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What's the difference between rheumatism and arthritis?

The term rheumatism is an old-fashioned word used to describe problems that affect the joints and connective tissues. Arthritis means several diseases that affect the joints, such as osteoarthritis (OA), rheumatoid arthritis (RA), gout, and ankylosing spondylitis. People often say rheumatism when they’re talking about rheumatoid arthritis, or general aches and pains in their joints. Discover the difference between rheumatism and arthritis once and for all.

What causes arthritis?

Around 10 million people in the UK live with arthritis. There are more than 200 types, but the two most common are OA and RA. OA usually develops over time and can affect several different joints. RA is an inflammatory auto-immune disease, mainly affecting joints and tendons. Women are more likely to develop arthritis than men, especially after the menopause when lower oestrogen levels make joint problems more likely.

Experts do not yet know exactly what causes arthritis, but some forms run in families. Your lifestyle can also affect your risk of developing the condition. Overuse or injury of a particular joint means it’s at greater risk of future problems, so athletes or those who have jobs with repetitive actions, like cleaners, are more at risk. Carrying extra weight adds additional pressure on weight-bearing joints in your back, hips, knees, ankles, and feet.

Common arthritis symptoms

In OA, cartilage protecting the end of bones is worn away so the bare bones rub together, making joints stiff, painful, and creaky. Any joint can be affected but the knees, hips, and hand joints are most affected because they do a lot of work.

Rheumatoid arthritis symptoms are slightly different. In RA, an inflamed joint looks swollen and red, and may feel warm and tender. RA usually starts in the wrists, hands or feet, but can spread to other joints in your body.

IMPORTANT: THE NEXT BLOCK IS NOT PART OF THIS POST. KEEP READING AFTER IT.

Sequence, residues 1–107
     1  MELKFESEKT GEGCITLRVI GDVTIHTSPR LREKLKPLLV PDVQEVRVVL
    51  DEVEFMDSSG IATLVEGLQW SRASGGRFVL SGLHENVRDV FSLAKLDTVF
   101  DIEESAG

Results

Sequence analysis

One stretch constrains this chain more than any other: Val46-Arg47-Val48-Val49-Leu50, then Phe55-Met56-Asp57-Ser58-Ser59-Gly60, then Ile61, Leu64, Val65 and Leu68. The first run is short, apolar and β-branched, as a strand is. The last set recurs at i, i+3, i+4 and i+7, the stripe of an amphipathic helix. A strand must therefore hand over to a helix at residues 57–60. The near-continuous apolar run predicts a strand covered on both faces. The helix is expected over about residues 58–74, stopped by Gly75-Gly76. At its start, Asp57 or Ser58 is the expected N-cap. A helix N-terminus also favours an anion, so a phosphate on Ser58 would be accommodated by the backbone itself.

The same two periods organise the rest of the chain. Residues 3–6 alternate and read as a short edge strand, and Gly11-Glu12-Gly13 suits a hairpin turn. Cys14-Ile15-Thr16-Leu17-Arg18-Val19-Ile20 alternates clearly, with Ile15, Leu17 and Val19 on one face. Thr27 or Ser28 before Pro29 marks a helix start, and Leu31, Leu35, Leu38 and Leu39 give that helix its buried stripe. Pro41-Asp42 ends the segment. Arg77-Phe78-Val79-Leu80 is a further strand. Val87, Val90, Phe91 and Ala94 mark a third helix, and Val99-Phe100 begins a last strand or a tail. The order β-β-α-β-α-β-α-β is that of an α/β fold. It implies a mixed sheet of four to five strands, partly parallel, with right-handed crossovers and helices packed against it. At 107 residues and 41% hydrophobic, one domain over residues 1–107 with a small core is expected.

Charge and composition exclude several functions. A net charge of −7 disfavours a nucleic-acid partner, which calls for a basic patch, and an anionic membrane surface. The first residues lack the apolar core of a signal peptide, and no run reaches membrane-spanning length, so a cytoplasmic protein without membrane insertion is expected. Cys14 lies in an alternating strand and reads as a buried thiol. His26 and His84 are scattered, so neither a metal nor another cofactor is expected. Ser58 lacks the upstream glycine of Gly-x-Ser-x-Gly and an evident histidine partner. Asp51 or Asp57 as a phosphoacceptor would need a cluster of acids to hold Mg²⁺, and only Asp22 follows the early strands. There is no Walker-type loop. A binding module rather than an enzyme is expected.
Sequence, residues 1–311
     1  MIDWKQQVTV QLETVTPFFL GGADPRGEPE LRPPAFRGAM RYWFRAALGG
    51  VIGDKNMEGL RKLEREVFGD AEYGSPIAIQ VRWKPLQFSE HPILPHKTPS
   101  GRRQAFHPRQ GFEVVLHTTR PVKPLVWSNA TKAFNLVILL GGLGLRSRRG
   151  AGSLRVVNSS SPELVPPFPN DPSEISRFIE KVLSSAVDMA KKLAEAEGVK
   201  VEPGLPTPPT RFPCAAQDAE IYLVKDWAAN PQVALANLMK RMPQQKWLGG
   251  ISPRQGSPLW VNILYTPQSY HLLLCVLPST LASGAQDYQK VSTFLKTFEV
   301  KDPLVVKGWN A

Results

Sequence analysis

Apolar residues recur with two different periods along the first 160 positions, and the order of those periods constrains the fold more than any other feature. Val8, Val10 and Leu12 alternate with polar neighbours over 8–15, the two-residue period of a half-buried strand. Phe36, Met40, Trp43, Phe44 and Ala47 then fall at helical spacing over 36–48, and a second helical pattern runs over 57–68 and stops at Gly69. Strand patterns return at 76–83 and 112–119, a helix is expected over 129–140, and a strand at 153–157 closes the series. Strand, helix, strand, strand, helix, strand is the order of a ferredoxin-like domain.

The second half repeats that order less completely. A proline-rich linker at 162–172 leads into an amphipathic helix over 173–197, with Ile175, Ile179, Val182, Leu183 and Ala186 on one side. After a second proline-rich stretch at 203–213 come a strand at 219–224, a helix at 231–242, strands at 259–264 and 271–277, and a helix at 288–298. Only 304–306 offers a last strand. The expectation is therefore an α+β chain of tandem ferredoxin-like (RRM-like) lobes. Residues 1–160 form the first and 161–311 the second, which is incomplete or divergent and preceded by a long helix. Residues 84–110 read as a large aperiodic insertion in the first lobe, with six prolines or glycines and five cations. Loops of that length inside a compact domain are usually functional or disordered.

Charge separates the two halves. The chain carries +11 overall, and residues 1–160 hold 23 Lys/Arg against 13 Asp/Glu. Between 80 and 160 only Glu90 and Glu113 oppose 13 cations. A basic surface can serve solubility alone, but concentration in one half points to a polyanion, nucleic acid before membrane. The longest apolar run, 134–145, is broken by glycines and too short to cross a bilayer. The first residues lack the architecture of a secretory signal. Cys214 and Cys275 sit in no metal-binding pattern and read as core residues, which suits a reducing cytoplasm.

The best arthritis treatment

At the moment, there is no cure for arthritis, so treatment is all about managing your pain. Physiotherapy, osteopathy, chiropractic, and massage all help keep the joints working. One of the most common drug treatments is NSAIDs (non-steroidal anti-inflammatory drugs), but talk to your GP about other medication available for your type of arthritis.

You can try taking a glucosamine supplement, as glucosamine is a major part of the protein that forms cartilage in joints. Natural anti-inflammatory remedies include ginger, extract of green-lipped muscle, bromelain, curcumin, and Devil’s Claw. Garlic increases blood flow to affected joints, which helps calm down joint inflammation.

Omega-3 essential fatty acids, found in oily fish such as salmon or a supplement, have anti-inflammatory effects, and may also improve joint mobility.

Magnesium may be useful, as it helps the body absorb calcium which healthy bones depend upon. Green veggies, nuts and whole grains are all rich sources of magnesium, or try taking a magnesium supplement.

Being active is essential for both preventing and improving arthritis symptoms. Studies have found people who exercise regularly, even something as simple a going for a walk, report less joint pain than people who do no exercise.

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This article has been adapted from longer features appearing in Healthy, the Holland & Barrett magazine. Advice is for information only and should not replace medical care. Please check with your GP before trying any remedies.
Rheumatoid Arthritis